When the UK voted narrowly to leave the European Union it did so on the basis of an ugly and fundamentally dishonest campaign. Those who promoted a Leave vote were unanimous in claiming that it was all going to be easy and there would be no problem keeping all of the best bits of EU membership.
It would be easy to spend all our time talking about how wrong they were and how they have inflicted enormous damage on the welfare and standing of both their country and the democratic world. The wilder elements of the Tory party certainly provide enough openings for comedy – but the harsh reality is that there is nothing funny about what is going on and time is now running out.
In less than a year Brexit will take effect. Yet there is clarity on effectively nothing.
This is, of course, the fault of one side of the negotiations – however the impact of this uncertainty is broad and deep. The decisiveness and clarity which was claimed for elements of December’s deal, particularly in relation to Ireland has been followed by delay and dispute.
It is a major cause for concern that the Brexit Secretary last week said that there is no problem waiting until October to agree the text for the Withdrawal Treaty – something which leaves no time for last minute disputes to be resolved and maximises the pressure on others to accept whatever deal is on the table.
I would like to thank Michel Barnier for being here today and for his continued attention to Ireland. His interest and understanding of issues concerning North/South relations is one my party has long experience of and we remember his early and active support for special funding to underpin the peace settlement of 1998.
M. Barnier, when you visited Dáil Éireann almost a year ago you gave us a commitment that you would be accessible and open. You and your excellent team have been true to this. My party is thankful to you for the briefings and discussions which have been held since then.
It has been a textbook case of maximising transparency and accessibility – an example which others could well consider following.
The situation today is that there remains a democratic consensus that Ireland’s future is with the European Union and that the Brexit process must be managed in a way which does not underpin the core principles of the Union. This will not change.
It is my party’s position that the full need for economic and other reforms within the Union has not been addressed. In particular we believe that the Union needs to have a budget which is capable of addressing the expectations which are put on it.
In relation to the negotiations, there is a considerable and growing unease about the failure to move from generalities to concrete and final agreements.
Allied with this is a concern that the damage of Brexit – which is already here and will get worse under any credible scenario – is not being responded to with the necessary urgency or ambition.
In relation to the Withdrawal Agreement, it is a great concern that the clear contradictions in December’s text remain unaddressed.
Prime Minister May’s letter on this matter at the last Summit simply restated that her government is both in favour of a soft border and will not introduce any trade or other barriers within the UK.
This position is indistinguishable from the position stated by London for the last 18 months.
To be fully candid, we are extremely concerned with how technical negotiations on the Irish text have now been twin-tracked with the final status negotiations – and the confusion over whether we are working to a June or October deadline is increasing this uncertainty.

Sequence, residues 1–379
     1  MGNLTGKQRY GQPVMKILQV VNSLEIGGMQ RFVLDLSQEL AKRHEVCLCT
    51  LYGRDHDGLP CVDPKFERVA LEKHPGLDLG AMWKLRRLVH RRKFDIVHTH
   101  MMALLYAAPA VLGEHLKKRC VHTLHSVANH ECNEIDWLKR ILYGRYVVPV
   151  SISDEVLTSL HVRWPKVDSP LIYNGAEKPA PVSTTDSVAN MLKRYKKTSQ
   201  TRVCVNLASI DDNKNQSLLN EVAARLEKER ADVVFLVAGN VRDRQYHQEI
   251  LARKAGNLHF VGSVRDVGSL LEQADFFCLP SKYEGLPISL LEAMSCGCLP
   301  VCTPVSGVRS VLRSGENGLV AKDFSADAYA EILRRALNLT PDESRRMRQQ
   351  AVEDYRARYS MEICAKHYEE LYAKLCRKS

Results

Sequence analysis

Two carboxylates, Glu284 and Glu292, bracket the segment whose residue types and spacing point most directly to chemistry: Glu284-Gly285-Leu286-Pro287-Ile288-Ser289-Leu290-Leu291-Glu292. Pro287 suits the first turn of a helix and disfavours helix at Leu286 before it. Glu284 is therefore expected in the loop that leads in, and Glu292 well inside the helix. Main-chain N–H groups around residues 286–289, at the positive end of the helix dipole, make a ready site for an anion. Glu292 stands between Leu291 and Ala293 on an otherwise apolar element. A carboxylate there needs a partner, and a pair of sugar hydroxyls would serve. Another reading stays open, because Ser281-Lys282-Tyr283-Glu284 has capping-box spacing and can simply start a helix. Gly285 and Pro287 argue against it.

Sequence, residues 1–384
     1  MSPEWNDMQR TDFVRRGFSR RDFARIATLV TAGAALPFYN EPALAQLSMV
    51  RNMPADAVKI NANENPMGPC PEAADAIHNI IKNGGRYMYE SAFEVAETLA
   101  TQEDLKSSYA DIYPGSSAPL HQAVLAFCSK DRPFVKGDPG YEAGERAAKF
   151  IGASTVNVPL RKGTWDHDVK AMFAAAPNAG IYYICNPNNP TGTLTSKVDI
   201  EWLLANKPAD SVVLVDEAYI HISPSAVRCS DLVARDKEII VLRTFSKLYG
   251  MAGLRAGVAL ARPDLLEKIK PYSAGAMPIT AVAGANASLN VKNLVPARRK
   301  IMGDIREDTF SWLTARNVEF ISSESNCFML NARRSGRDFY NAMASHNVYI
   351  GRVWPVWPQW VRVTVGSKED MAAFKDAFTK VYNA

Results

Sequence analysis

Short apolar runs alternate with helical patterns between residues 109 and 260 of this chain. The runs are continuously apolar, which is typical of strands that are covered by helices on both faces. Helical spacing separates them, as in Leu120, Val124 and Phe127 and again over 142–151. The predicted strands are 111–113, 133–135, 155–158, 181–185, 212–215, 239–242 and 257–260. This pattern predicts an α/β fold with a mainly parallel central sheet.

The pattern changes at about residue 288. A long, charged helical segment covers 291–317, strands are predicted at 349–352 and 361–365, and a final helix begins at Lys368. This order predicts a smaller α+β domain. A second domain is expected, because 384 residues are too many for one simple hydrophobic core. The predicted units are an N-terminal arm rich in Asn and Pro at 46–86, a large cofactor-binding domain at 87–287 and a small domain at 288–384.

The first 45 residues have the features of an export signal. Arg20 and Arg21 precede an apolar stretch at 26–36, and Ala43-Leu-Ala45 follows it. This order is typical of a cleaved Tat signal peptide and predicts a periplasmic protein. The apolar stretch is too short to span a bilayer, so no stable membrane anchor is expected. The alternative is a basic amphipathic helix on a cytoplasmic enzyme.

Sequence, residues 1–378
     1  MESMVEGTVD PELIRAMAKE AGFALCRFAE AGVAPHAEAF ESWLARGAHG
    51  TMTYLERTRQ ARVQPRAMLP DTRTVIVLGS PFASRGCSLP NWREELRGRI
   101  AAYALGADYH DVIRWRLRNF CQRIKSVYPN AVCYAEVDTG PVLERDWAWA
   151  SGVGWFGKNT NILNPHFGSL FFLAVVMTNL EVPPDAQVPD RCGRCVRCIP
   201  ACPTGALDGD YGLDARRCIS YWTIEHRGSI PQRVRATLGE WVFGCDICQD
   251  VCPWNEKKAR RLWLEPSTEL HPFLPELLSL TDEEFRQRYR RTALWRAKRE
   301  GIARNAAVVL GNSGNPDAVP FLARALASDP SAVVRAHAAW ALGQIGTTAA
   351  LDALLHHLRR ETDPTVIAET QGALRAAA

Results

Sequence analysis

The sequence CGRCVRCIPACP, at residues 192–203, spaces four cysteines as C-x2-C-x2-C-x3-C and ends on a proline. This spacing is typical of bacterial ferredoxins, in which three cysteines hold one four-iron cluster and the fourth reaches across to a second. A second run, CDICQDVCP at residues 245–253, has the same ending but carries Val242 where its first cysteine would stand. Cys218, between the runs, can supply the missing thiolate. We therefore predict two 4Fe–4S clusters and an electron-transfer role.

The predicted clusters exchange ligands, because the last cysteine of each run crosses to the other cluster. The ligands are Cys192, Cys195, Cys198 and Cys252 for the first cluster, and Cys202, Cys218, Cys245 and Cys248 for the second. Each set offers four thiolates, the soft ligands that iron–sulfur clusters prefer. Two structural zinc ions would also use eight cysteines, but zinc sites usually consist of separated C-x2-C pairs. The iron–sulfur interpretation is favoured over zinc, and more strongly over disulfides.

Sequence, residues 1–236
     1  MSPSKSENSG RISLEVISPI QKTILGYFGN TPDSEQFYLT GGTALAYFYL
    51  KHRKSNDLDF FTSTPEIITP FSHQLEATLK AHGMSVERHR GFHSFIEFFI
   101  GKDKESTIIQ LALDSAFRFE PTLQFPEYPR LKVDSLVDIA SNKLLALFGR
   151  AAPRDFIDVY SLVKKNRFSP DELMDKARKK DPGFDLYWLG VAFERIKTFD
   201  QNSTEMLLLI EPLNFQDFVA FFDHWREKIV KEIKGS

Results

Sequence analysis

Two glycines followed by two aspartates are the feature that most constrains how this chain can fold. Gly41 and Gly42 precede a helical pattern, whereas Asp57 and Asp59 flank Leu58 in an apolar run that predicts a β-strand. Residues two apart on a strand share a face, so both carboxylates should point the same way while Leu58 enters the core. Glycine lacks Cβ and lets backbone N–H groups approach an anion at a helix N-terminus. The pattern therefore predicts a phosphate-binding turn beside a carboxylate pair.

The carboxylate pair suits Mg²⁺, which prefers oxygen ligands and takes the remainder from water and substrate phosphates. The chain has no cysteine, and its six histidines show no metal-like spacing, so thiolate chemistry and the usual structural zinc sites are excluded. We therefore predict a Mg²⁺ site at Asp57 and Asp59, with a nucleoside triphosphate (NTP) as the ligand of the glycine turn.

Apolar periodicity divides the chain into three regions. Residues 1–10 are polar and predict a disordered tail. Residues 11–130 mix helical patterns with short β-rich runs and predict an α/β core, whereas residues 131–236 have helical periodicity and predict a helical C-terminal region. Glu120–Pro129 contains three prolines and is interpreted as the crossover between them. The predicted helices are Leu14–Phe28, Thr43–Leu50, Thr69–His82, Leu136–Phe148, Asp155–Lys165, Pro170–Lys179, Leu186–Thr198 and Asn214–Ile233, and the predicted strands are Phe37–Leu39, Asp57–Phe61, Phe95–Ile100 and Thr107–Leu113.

An outcome where there is ongoing regulatory alignment North and South – and where Northern Ireland has effective access to both the Custom’s Union and Single Market is one which we fully support. Unfortunately what is being discussed at Westminster falls some distance short of this.
We are particularly concerned that the UK government is currently refusing to delegate to the devolved governments measures such as agricultural regulations – in fact they are taking them to the UK Supreme Court on the matter.
This brings into stark relief the fact that regulatory alignment will effectively be impossible unless we have working institutions in Belfast. This is something the parties involved should reflect on, particularly given the anti-Brexit majority in the still-suspended Northern Assembly.
The proposals for a customs union passed by the House of Lords and which have a high chance of success in the House of Commons, actually represent the second-worst scenario in the economic review commissioned by our government – with certain agri-food sectors and the services sector as a whole being particularly badly hit.
This study suggests a permanent loss to national income of over 4% – a level on par with the hit to the British economy.
The importance of the overall future UK/EU relationship to Ireland is clear – and the majority of the economic damage will be caused by new barriers in this relationship.
The need to help our businesses to diversify in terms of both products and markets is more urgent than ever – as is the need for a period where the state is allowed to support these efforts more directly than is currently allowed.
When states join the European Union their accession treaties include measures which allow a period of adjustment in select areas. While there is some flexibility in the existing treaties, including within the Withdrawal Treaty a provision which allows direct state aid for the worst hit regions and sectors would give certainty.
M. Barnier, we wish you well in your continued work and we look forward to maintaining the ongoing contact which has characterised your work to date.
In the coming months you have very serious barriers to overcome, especially the massive contradiction at the heart of the UK government’s negotiating position.